Clinicopathological comparison of triple negative breast cancers with non‑triple negative breast cancers in a hospital in North India
Introduction: Breast cancer is the second most common cancer worldwide (1.3 million cases, 10.9%) and ranks 5th as cause of death from cancer overall (458,000 cases, 6.1%). Triple‑negative breast cancer (TNBC) is a subtype of breast cancer with characteristic biological and pathological features. Among the subgroups of breast cancer, triple negative cancer is particularly feared because it is associated with poor outcome. However, clinical data on TNBC in Asian population are limited. The present study was aimed to find the prevalence of TNBCs and to compare various clinicopathological features of TNBC with non TNBC patients in our population.
Materials and Methods: Clinical and pathological data of 180 breast cancer patients who visited our department from January 2009 to December 2013 were analyzed. Statistical analysis was done using the Chi‑square test and Mann–Whitney U‑test.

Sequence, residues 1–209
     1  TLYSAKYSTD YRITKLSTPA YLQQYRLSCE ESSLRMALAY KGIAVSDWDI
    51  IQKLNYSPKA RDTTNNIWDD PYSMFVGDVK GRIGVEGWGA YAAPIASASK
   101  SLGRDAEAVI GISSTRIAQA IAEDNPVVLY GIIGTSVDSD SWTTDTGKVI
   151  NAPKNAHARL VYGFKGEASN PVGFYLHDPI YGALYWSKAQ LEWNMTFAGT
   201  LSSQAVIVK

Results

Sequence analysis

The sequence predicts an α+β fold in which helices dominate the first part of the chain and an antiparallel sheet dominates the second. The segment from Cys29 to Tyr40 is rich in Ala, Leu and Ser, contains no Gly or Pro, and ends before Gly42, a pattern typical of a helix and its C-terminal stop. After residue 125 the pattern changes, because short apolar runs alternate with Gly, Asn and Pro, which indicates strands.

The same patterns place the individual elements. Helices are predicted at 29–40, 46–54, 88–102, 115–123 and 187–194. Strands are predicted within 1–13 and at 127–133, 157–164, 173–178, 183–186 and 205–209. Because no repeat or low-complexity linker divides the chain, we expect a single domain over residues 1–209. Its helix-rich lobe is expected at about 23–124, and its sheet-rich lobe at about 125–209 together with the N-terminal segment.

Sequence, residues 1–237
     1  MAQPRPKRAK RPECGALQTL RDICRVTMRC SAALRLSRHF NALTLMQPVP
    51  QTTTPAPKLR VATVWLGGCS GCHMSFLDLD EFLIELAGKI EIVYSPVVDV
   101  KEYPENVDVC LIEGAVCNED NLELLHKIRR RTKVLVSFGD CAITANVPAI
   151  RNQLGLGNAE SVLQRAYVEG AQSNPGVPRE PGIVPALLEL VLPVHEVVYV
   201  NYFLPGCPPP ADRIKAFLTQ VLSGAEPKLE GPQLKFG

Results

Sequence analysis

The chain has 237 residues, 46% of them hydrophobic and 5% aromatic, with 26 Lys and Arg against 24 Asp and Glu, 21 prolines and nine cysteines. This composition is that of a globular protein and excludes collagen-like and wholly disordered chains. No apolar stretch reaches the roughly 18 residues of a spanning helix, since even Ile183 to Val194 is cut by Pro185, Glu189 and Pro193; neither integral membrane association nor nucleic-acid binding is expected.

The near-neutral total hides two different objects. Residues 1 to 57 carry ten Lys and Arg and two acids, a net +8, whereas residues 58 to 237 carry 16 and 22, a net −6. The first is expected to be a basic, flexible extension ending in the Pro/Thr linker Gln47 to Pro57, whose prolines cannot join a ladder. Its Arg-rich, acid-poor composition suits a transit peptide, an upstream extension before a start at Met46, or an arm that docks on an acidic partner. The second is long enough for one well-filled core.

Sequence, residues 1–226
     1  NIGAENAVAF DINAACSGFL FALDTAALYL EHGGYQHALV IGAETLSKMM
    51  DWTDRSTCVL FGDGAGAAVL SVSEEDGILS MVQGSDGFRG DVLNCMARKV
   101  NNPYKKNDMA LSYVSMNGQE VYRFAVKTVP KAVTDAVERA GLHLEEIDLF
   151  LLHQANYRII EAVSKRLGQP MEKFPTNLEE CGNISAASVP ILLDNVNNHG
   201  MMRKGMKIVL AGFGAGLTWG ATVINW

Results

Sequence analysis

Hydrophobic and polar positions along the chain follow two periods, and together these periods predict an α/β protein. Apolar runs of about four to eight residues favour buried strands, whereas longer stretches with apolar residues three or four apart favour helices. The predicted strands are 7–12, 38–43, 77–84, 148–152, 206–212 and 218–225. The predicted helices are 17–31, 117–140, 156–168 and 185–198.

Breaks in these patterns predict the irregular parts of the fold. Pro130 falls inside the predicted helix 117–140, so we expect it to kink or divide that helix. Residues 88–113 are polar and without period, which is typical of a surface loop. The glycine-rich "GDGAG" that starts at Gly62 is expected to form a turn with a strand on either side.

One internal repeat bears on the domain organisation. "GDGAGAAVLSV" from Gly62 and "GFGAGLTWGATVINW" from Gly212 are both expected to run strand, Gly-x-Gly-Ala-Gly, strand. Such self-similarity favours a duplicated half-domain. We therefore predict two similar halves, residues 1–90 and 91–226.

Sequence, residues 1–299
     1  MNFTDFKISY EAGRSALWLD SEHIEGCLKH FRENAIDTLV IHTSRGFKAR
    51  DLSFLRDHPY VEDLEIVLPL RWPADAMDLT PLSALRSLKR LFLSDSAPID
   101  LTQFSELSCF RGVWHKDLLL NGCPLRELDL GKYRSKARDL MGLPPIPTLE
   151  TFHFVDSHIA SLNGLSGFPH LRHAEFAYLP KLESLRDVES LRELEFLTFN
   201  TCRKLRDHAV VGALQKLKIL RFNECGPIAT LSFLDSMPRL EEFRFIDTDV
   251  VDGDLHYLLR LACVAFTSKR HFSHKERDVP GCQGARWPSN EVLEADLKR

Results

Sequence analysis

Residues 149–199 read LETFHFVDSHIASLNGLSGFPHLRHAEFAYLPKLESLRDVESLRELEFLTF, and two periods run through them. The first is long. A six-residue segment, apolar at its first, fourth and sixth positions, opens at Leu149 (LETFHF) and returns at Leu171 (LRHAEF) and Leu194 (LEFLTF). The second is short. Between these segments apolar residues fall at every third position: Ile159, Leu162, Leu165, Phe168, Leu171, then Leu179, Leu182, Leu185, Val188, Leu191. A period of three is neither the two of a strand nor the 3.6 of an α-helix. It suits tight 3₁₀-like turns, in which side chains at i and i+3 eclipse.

Results: Of 180 cases, 62 (34.4%) had TNBC. Data analysis revealed significant difference in mean age, mean tumor size, tumor grade between TNBC and non‑TNBC patients. Axillary lymph node metastasis and lymphovascular involvement were also more in TNBC patients however this was not statistically significant. Extranodal spread was recorded more in non‑TNBC patients as compared to TNBC patients, but the results were statistically insignificant.
Conclusion: Triple negative breast cancer represented 34.4% which is higher than the range normally reported in the literature. TNBC are associated with younger age, large tumor size, high‑grade tumors, and a higher rate of axillary lymph node metastasis.
Key words: Basal subtype, estrogen receptor, hormone receptors, human epidermal growth factor receptor‑2/neu, progesterone receptor, triple negative